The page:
• Torbjörn Larsson | March 1, 2021 at 6:15 am | Reply

      Well, the idea that “a circular argument” would be bad derives from philosophic superstition. Apparently they consider it bad for their empty discussions. Something similar can be said of the idea of “something … from nothing” which derives from religious superstitions. Apparently they consider such an unobserved, untestable notion – that honestly reminds of a baby’s development of object persistence notions – good for their empty discussions.

      Science is famously *built* on circularity, since observations found theories and theories predict observations. A “perfect theory” would predict all the observations of its area and only new observations or theory work would improve on it. Science is a tool, and – in principle – who cares how it is constructed if it works?

      The redshift can be independently observed in the cosmic background temperature since its emission derives from a plasma glow at ~ 3000 K and now its spectral blackbody temperature is ~3 K. That is a factor z = 1,000 redshift stretch of its optical glow peak into the microwave region peak.

      “Plus the profound assumption that Planck’s Constant, which is fundamental to the relationship between Energy and Frequency, has remained the same since time began, assuming that the speed of light in a single homogeneous medium (which space-time allegedly hasn’t ever been, hence the red-shift) has remained the same.”

      Planck’s constant is a fundamental property of quantum field wavefunction, it denotes the quantized orbital momentum spin value. It doesn’t matter whether space is filled with a homogeneous medium as long as space has quantum field physics.

      But as it happens, we can observe from the cosmic background spectra that the universe started out homogeneous and isotropic to to 1 parts per 10^5 density and velocity fluctuations.

      We can also see that space looks perfectly flat, an observation that since 2018 is so robustly tested that it isn’t expected to change according to astrophysicists that I have read (say, Ethan Siegel had some article claiming that). That is key, since a flat universe will have its laws conserved by Noether’s theorem applied to a general relativistic universe.

  4. Crispin Pemberton-Pigott | March 1, 2021 at 4:44 am | Reply

    Perhaps we can consider the proposal by ‘Abdu’l-Bahá (Sir Abbas Effendi) that there are three types of matter, not two (regular and dark). I suggest that we call the third type “darker matter”. The proposal is that around each large mass there is a larger sphere of the second type of matter, and around that a “much larger sphere” of yet another type. This does not conflict with the concept of dark matter, but may explain better the observations that have been interpreted as dark energy. The proposal includes an ethereal matter that fills all space with the ability to transmit vibrations and pulses “for absolute nothingness is an impossibility”. The clever re-branding of the ether as a form of time-space has been necessitated by recent observations and multiple models, but due to the branding the term “ether” as “disproven” there is a PR problem bringing it back. I am more interested it how things work than in supporting old narratives and genuflections. It may be that there are two or even three types of matter that may tax the energy in photons, resulting in a redshift (or part thereof) that represents the density of various interstellar media, not velocity. The universe may not be expanding at all. It also may not be finite in extent.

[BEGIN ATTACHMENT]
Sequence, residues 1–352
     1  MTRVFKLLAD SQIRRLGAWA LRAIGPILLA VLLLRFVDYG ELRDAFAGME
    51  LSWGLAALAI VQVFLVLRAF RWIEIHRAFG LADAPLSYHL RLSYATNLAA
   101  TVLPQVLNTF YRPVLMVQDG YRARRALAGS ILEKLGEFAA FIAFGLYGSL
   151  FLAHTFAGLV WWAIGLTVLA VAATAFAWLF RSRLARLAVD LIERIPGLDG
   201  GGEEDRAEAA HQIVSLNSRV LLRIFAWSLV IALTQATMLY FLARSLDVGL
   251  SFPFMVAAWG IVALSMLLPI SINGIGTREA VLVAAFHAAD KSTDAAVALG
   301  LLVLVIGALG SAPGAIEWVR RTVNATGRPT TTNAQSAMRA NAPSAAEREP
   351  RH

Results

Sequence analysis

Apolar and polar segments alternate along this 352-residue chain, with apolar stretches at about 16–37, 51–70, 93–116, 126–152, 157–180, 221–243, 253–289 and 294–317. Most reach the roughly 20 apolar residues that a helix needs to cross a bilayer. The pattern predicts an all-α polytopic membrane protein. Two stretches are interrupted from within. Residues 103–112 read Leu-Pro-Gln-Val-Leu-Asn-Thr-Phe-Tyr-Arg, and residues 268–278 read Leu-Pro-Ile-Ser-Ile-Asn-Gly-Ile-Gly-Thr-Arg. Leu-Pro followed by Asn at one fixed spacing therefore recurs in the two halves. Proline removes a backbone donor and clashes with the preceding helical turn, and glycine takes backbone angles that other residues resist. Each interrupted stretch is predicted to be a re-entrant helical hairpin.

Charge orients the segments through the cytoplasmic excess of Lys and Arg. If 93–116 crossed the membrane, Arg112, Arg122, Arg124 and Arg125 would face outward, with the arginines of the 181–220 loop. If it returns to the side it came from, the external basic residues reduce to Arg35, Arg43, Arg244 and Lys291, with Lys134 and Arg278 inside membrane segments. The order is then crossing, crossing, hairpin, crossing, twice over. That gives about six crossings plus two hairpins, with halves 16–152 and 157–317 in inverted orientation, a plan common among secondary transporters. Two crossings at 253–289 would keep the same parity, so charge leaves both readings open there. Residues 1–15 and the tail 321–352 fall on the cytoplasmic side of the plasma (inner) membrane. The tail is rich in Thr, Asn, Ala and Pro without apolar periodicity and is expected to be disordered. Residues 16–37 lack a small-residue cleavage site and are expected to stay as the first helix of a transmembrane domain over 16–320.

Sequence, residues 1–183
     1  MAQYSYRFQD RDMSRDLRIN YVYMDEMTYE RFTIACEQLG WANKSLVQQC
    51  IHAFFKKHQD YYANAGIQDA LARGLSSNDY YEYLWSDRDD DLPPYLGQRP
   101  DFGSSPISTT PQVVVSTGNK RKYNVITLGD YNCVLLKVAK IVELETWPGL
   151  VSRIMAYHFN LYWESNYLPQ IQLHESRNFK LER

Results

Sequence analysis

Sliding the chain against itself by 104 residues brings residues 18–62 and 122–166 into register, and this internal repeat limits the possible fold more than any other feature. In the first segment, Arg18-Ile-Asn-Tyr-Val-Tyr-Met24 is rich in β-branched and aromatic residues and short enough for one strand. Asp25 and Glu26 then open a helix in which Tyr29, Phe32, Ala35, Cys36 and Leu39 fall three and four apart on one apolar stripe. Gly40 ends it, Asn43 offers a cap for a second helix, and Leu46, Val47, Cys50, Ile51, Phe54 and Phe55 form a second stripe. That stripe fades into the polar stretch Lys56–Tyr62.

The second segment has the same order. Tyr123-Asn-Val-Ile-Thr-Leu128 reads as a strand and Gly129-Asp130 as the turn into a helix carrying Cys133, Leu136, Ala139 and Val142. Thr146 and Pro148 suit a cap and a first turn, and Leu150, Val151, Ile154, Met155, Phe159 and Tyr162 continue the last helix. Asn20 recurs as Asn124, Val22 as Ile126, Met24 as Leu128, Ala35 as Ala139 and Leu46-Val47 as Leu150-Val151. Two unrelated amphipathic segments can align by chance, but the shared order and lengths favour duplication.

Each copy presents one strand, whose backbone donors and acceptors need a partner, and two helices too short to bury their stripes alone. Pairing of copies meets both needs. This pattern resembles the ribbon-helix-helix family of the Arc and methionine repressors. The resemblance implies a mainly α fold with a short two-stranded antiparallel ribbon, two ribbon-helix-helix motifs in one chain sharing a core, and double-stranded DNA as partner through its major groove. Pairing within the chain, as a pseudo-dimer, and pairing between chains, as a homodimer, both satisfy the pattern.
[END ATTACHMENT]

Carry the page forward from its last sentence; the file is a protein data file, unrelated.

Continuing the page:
• Torbjörn Larsson | March 1, 2021 at 6:18 am | Reply

      A superstitious idea? It is difficult to read out what it suggests, but it seems it suggests an “ether” which has been rejected by observations over a century ago.

  5. BibhutibhusanPatel | March 2, 2021 at 3:51 am | Reply

    Composition of the Universe is basic fact for ocçŕance of vary in parameter ŕèlatig ŕèď shìft in Hubble’s Constant estabĺishìng Ďistance-Velocity ŕelatiònshìp between any two Galàxìes.Other kìnd of vary in the Hubble çonstant due to expansion ìs cònsideŕable due to supernova expansiòn.

  6. Disgruntled Philosopher | March 6, 2021 at 4:00 pm | Reply

    A commonly used tool in philosophy is the thought experiment. Exactly the kind of examination that led Einsteins work on relativity. He imagined what it must be like to travel as a photon of light, amongst many other examples. “Empty arguements” indeed!